Eau Claire (WQOW) - A new Wisconsin law will require medical professionals to review a patient's history of controlled substances before prescribing more than a three-day supply starting in April 2017.
In 2015, more people died from drug overdoses than car crashes in Wisconsin, according to the Wisconsin Department of Health Services. The new requirement is an effort to lower those numbers. It comes as part of the Heroin, Opiate, Prevention and Education (HOPE) agenda lead by Wisconsin Representative John Nygren, whose daughter was almost killed by a drug overdose.
Dr. Paul Horvath, medical director of emergency care at Mayo Clinic Health System, said the new law could be a great way to start curbing opiate addiction in the state.
"Unfortunately, we know that a lot of opiate abuse begins with opiates prescribed for legitimate medical purposes, and then spirals into a bad place from there," Horvath said.
Horvath said the database for finding a patient's prescription history, the Wisconsin Prescription Drug Monitoring Program, is not new, but before the requirement, it was difficult to add or view patient information, so not everyone used it.
"As this new requirement rolled out, they re-vamped the PDMP database and website, so it is a lot more user-friendly," Horvath said. "It really allows us to ge the data we need to safely prescribe drugs."
The database can also help local law enforcement. Eau Claire County Sheriff Ron Cramer said he has asked legislators for this requirement since working undercover with the drug task force in the 1990s.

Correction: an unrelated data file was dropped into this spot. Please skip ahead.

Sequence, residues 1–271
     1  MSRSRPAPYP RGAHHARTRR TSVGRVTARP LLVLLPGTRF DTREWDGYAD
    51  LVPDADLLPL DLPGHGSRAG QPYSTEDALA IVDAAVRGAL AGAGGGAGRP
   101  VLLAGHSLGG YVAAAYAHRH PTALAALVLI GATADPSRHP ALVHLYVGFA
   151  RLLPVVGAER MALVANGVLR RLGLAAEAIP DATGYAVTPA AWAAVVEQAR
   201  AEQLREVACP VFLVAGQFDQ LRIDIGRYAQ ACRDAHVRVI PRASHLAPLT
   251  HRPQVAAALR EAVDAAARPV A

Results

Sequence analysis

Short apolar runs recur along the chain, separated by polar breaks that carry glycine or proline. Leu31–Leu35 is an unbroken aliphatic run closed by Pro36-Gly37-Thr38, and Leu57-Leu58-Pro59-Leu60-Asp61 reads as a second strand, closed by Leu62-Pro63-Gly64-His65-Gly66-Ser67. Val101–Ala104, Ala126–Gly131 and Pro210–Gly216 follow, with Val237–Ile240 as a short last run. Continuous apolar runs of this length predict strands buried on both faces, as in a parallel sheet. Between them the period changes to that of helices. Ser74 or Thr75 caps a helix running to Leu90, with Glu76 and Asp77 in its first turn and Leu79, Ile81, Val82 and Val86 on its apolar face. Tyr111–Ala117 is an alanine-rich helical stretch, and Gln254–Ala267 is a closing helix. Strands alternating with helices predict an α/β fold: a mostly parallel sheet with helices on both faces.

"We knew that people were what we call, "doctor shopping." They go to one place, get a prescription," Cramer said. "Then they go to, might be Saint Joe's, and then over to Stanley, and then to River Falls. They were all over our area, but we couldn't get enough because of HIPAA and the protection of the patient information to make cases on these people who truly had an addiction."
Law enforcement said the website still follows HIPPA regulations and could be used to track and help treat those who abuse opioids. Officers can even add notes on a patient's profile if he/she has a history of drug abuse.
"We are hoping that some of these people who have this opioid addiction, start sitting down with their family, physicians, and professionals for getting help for that addiction," Cramer said. "Our problem is not with the doctors, but we want to give them the tools they need to they can adequately supply an individual with the appropriate painkiller."
Prescribers hope the database will help them hack into a solution for opioid abuse.
"The goal here is not to cut anybody off," Horvath said. "It is not to stop anybody from getting the drugs they need. It is a tool designed to get prescribers information we need to prescribe safely. I suspect now that there is an extra step in that prescribing practice, that some prescribers are going to have some hesitation. Over time, prescribing practices may change a bit, moving away from such ubiquitous access to controlled substances, and narcotics in particular."
Cramer said another way to prevent opioid abuse is to safely get rid of any unused prescription drugs that could fall into the wrong hands. There are prescription drug disposal bins in the lobby of the Eau Claire County Law Enforcement Center. Cramer said each year, the department collects about 1,200 pounds of drugs on National Drug Take-Back day in September.
As opioid abuse continues to rise in Eau Claire County, the City-County Health Department said it received a $50,000 grant to help combat the problem. The health department hopes to use the grant for four strategies. The first is to have a media campaign to create general awareness for what resources exist. The second is outreach events like drug take-back days hosted by law enforcement. The department also hopes to support drug-recognition expert training among officers. Their final step is to promote mindful prescribing practices among medical professionals.